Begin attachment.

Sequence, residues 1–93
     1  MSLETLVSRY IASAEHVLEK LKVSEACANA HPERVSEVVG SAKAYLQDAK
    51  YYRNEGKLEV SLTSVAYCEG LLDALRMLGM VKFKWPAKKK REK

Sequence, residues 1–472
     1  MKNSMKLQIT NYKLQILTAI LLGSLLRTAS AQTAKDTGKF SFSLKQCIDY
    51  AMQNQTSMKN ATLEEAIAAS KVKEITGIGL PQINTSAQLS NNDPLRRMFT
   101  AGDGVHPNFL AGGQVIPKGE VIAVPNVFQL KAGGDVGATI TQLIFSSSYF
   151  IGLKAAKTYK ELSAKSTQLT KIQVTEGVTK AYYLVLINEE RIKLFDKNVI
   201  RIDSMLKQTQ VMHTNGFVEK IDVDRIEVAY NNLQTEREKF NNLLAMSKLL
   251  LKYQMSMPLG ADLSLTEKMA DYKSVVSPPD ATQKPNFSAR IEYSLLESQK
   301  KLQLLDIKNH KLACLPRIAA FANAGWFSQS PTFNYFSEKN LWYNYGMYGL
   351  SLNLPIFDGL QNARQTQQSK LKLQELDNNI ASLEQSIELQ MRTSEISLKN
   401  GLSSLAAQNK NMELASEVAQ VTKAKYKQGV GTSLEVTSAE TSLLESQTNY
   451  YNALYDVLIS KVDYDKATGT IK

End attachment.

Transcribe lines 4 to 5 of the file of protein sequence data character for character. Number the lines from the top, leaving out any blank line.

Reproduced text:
Sequence, residues 1–472
     1  MKNSMKLQIT NYKLQILTAI LLGSLLRTAS AQTAKDTGKF SFSLKQCIDY